The Joint History Project (JHP) seminar series of 2011 started in Western Serbia with a workshop in Uzice (Zlatibor). 28 teachers from Uzice and 11 surrounding municipalities gathered to discuss attitudes towards history teaching and current methodology. During the workshop the last copies of the 2nd edition (2010) of the JHP workbooks were distributed which closes the rapid dissemination of 1500 copies within 7 months. More copies will be produced in 2011 as a response to the accelerating demand in Serbian schools.

In Zlatibor amongst other discussions participants also argued about the readiness of each of the participating countries to address and face the past from a multi-perspective way, and to which extend responsibility for crimes is admitted in public. The seminar thus reconfirmed the lack of trust that is still prevailing and at the same time validated the need for more regional teacher training activities were cross border exchange of perspectives and views takes place not only theoretical, but also on a people to people basis.

The workshop was headed by the historian and president of the Association for Social History Dr. Goran Miloradovic and the sessions are moderated by history teachers for their peers. The teachers, who acted as trainers beforehand received an intensive training by the CDRSEE in modern methodologies and use of multi-perspective materials.

The seminars reinforce the aims of the project mainly by giving practical guidance for steering history teaching away from simply memorising dates and facts, but instead offering students the possibility to participate, research and argue their views. Original historical sources in the JHP work books serve as the basis for the methodology and they are structured around four prominent topics “Ottoman Empire, Nation and States, The Balkan Wars and World War II”; the sources provide first hand unbiased material for teachers to spark discussions and inspiration in class rooms. In the seminar, teachers team up in four groups and prepare a total of 16 model lessons which are then presented and discussed with all participants.

10Jan

The CDRSEE in 2011

In the year 2011 Active Citizenship is at the forefront in Europe, citizens driving social transformation and cohesion, strengthening our common European values and building a strong alliance to counteract the ongoing economic crisis and subsequent nationalistic trends. The CDRSEE contributes with a busy workplan for 2011 that puts a strong focus on working towards a better understanding of history and societal developments, and thus contributing to the current debate around diversity.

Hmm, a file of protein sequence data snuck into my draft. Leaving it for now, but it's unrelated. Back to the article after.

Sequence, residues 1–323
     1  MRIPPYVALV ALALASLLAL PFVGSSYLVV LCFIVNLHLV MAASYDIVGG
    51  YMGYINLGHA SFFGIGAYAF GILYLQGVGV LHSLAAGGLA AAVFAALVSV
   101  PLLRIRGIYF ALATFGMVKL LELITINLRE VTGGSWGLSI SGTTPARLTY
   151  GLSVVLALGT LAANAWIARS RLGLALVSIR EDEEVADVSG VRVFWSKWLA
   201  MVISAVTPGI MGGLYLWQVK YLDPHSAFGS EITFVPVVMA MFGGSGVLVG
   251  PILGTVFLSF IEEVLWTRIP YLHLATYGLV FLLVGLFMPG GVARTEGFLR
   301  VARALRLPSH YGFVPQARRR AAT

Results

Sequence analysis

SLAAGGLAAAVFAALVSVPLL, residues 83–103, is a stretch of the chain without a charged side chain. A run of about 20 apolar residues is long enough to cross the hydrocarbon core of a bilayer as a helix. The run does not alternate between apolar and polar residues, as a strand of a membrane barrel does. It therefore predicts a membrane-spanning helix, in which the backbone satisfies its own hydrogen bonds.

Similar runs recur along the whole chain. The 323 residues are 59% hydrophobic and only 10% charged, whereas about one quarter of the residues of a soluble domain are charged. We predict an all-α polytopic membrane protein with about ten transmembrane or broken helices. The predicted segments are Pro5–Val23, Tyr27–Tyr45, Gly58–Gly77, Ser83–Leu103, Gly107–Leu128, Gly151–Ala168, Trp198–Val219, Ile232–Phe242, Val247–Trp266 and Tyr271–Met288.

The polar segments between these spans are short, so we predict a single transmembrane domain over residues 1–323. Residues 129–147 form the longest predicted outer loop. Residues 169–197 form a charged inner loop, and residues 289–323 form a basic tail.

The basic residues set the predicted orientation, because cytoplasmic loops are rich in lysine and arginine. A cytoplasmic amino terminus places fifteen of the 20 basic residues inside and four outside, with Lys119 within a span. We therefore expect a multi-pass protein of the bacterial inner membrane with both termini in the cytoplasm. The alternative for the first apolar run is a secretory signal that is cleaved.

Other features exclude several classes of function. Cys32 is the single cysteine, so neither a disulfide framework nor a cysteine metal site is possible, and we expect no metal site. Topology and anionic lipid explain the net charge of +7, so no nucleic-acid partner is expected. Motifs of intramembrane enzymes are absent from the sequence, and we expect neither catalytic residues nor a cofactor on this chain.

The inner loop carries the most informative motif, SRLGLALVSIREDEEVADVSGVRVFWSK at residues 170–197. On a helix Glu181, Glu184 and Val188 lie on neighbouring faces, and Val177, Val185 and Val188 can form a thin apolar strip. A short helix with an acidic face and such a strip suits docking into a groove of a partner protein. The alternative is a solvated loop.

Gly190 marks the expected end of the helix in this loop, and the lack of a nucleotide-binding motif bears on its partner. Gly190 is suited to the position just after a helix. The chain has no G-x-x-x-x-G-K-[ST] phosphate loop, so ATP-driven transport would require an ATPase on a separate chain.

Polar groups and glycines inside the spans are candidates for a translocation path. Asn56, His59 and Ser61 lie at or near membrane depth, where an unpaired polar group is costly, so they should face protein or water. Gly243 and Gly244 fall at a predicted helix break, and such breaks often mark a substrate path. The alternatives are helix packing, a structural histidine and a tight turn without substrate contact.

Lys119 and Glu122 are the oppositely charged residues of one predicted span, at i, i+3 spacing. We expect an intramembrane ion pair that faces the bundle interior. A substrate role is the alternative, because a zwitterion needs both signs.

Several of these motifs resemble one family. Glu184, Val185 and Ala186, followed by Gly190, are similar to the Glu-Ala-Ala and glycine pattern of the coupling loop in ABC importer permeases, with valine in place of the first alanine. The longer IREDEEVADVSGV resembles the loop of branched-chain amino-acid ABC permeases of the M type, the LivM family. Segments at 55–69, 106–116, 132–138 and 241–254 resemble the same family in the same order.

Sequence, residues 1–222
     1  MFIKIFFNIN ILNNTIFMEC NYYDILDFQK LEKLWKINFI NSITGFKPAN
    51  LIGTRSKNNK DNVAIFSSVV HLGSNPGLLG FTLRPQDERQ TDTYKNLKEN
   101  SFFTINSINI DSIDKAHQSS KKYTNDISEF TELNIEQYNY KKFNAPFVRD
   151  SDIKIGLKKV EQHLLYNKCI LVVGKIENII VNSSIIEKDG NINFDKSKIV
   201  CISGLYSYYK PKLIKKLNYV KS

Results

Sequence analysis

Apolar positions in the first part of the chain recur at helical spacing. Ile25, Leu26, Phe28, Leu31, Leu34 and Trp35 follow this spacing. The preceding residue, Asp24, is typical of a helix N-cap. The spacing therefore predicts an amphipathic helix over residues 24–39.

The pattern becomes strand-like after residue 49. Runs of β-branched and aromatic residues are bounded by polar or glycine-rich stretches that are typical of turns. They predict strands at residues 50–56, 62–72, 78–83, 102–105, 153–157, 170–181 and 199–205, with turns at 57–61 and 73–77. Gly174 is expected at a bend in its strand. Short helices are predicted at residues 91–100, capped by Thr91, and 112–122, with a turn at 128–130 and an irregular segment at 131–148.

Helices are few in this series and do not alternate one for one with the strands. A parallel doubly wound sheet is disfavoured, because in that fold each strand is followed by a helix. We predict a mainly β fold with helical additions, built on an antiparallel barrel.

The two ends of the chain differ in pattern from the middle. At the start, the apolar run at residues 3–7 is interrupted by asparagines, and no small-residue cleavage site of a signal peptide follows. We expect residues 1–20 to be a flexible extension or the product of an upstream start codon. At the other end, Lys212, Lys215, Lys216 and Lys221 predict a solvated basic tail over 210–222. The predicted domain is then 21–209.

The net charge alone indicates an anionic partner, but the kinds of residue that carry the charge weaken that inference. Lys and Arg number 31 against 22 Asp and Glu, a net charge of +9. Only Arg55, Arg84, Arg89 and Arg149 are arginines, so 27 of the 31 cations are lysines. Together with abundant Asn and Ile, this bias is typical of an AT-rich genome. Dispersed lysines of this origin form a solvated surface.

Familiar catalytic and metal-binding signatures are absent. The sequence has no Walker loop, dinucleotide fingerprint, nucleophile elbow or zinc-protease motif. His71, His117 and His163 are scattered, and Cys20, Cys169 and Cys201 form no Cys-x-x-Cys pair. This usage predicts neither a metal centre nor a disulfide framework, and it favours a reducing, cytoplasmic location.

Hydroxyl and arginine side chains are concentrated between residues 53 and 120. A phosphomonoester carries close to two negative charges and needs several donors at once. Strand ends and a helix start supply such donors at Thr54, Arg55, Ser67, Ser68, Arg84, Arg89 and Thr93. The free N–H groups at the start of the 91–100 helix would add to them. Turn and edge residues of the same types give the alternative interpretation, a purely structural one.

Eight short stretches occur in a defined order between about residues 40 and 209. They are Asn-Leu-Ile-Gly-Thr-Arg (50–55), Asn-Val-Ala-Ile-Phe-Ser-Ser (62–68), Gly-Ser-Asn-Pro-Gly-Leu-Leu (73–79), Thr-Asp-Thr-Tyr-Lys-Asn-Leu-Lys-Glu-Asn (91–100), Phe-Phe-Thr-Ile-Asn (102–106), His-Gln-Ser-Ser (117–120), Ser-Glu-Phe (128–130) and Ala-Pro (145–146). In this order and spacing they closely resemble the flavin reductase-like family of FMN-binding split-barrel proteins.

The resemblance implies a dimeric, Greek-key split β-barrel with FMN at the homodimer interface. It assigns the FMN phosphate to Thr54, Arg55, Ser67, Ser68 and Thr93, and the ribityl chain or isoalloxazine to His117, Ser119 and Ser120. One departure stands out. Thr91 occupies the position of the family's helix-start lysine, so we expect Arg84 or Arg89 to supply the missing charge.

The solid results already achieved with the Joint History  Project in Southeast Europe will be further strengthened, including training  more teachers throughout the region, especially in rural areas; developing more  multi-perspective history teaching materials; applying the project methodology  to educational subjects other than history; and replicating the project in  other regions of the world. 

The goal is to convey to our youth the competences required to become tolerant citizens who are empowered to defend and promote democratic values. The CDRSEE also offers meaningful opportunities for volunteerism and alternatives forms of learning to motivated youth, on average 8 internships per year were completed and places are available for 2011.
25Nov

20/21 November 2010: CDRSEE Hosts International Conference, Thessaloniki


“The Interface between Multi-Perspective History Teaching and Politics”
by Costa Carras, CDRSEE Board Member, Rapporteur for the JHP
download pdf file, 85 kb
 
"History education and enlargement" by Ana Yturriaga Saldanha, DG Enlargement, European Commission
download the pdf file, 23 kb
 
To review the press clippings of the event, please click here.

On 20/21 November the CDRSEE hosted an international conference in Thessaloniki, bringing together 18 academics, 11 educators and 12 representatives of National and Regional institutions to assess, re-enforce and further develop tools for History Education fostering European Integration.

Participants from 15 countries gathered, offering creative ideas for new innovative educational products made in Southeast Europe. Products that will have the capacity to follow the already well established and acknowledged Joint History Project that started off 10 years ago on the initiative of Thessaloniki Citizens.

The conference not only featured key note contributions from distinguished Southeast European experts, notably from Costa Carras and Halil Berktay, but also the views of international academia, teachers from throughout the region and members of the offices of the European Commission and the Regional Cooperation Council. The aim was to include a multitude of committed individuals in the process of bringing history education up to current requirements.